Climate Change Law and Policy
This seminar will explore climate change law and policy at the local, state, national and international levels. Arguably the biggest collective action challenge facing humanity today, climate change tests the limits of scientific and technical knowledge, the efficacy of markets, and the capacity of political institutions, including law. The course begins with a brief review of how the climate system works, how it has changed over time, and how it is likely to change in the future. We then discuss the options for dealing with climate change through laws, institutions and markets, the potential of alternative pathways, and the efficacy of various policies over time. Throughout the course, we identify and question the basis for policies from diverse perspectives — scientific, economic, political, and ethical.
Topics covered will include climate change under U.S. law, including the Obama Administration’s Clean Power Plan and other options under existing federal legislation; the evolution of the U.S. energy sector; the United Nations Framework Convention on Climate Change and the Paris Agreement recently negotiated under it; the potential for greenhouse gas emission reductions under bilateral and multilateral agreements outside the U.N. process; state initiatives, including California’s AB 32 and implementing actions, and local efforts such as climate action plans adopted by Portland, Oregon and New York City; and alternative pathways such as geoengineering and adaptation.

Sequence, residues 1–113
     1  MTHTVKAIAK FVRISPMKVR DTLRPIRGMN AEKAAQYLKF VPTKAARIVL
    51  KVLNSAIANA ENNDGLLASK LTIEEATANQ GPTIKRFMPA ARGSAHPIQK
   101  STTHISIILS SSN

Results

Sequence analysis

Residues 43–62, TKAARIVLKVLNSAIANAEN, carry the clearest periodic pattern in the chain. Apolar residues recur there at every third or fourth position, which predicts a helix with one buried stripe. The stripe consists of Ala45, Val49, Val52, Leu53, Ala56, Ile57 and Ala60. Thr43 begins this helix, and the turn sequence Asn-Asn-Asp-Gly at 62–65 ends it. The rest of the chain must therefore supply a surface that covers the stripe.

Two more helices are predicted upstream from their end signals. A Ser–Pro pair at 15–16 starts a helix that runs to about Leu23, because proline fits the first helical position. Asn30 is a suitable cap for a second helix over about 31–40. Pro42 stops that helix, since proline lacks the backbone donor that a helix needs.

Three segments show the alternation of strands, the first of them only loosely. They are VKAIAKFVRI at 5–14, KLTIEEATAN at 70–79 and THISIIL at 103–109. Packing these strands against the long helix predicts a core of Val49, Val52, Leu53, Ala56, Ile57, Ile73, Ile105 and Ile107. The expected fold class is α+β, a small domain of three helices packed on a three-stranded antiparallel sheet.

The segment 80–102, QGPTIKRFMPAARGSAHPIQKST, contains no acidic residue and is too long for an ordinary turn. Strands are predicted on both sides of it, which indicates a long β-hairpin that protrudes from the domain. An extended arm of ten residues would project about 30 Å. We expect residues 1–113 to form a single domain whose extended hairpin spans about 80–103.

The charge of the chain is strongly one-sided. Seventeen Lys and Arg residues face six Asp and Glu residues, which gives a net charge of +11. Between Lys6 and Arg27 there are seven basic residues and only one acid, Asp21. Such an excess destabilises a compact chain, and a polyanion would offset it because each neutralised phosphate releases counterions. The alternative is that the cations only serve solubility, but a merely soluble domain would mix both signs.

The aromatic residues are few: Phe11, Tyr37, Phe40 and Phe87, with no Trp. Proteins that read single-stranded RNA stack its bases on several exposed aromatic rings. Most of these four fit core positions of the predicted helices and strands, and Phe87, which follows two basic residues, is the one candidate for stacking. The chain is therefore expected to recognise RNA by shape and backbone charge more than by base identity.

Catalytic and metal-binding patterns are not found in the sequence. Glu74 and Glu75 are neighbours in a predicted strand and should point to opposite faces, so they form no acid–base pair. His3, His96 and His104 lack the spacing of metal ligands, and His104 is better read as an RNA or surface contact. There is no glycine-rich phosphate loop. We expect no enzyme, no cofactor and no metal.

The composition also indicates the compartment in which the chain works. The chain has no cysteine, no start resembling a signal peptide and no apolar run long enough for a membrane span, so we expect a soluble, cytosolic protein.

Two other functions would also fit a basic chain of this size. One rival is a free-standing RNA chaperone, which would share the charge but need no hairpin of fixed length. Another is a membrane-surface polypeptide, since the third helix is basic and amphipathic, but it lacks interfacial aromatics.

*Yes means professor requires everyone in the course to submit a substantial research paper (which is the requirement standard in Academic Policies), so no paperwork required to be submitted to SRO. No means student must timely submit paperwork to SRO if intending to use a paper in this course to satisfy the Writing Requirement.
**Yes indicates course credits count towards UVA Law’s Prof. Skills graduation requirement, not necessarily a skills requirements for any particular state bar.